Keywords: Methane; Carbon monoxide; Latitudinal variation; Marine boundary layer;
Corrections to a description of turbulence in a trafficked street canyon in Manchester by I.D Longley (4589-4592).
A paper previously published in Atmospheric Environment (Longley et al. (Atmos. Environ 38 (2004) 69) contained a model describing turbulence data measured in the field. Subsequent re-analysis of the data has uncovered fundamental and irreparable errors in the raw data from one anemometer. This dataset covered measurements by a mobile anemometer at a height of 2 m above a road surface within a street canyon. Some key conclusions concerning the influence of traffic upon turbulence were dependent upon this dataset and are no longer valid. New data has been captured from the original street canyon to correct and replace this erroneous data. This new data indicates that the weak positive gradient in turbulent intensity higher in the canyon described in the original paper is consistent down to 2 m and that the sharp enhancement at this height originally reported was not observed in the replacement data.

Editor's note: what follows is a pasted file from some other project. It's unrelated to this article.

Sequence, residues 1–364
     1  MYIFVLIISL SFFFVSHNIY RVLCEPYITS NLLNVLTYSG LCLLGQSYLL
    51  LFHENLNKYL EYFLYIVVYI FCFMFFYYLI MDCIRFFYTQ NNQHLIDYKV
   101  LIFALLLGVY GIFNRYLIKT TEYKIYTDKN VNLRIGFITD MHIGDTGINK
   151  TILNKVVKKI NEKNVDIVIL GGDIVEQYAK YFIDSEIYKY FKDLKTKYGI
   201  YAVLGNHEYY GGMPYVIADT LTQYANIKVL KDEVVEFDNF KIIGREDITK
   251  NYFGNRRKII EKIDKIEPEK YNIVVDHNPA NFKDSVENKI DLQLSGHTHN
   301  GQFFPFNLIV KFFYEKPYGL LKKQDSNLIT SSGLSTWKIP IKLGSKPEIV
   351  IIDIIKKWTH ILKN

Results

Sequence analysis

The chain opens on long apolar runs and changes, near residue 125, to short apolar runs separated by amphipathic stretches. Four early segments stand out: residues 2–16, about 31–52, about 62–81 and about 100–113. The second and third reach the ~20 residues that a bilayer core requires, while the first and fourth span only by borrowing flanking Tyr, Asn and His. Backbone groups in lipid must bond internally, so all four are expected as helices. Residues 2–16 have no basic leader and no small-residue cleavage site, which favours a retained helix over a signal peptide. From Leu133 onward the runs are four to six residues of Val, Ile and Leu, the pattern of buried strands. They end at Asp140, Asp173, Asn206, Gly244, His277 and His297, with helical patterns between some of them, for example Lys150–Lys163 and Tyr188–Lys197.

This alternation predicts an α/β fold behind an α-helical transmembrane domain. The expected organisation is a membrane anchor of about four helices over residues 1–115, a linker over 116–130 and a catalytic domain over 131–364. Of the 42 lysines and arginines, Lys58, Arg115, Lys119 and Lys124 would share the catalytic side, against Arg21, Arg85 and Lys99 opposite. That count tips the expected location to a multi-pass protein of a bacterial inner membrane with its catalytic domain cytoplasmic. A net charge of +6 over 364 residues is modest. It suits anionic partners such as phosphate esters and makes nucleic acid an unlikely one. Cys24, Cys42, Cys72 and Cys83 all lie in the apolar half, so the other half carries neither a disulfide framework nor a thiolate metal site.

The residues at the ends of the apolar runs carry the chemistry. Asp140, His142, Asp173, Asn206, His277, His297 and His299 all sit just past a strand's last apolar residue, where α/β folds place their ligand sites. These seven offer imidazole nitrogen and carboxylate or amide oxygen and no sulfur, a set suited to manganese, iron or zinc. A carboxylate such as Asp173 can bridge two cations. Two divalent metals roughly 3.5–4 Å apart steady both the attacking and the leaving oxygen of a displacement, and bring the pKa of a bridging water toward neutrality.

Keywords: Street canyon; Traffic-induced turbulence; Turbulent intensity;
PM2.5 and associated ionic component concentrations inside the archaeological museum of Thessaloniki, N. Greece by Th. Mouratidou; C. Samara (4593-4598).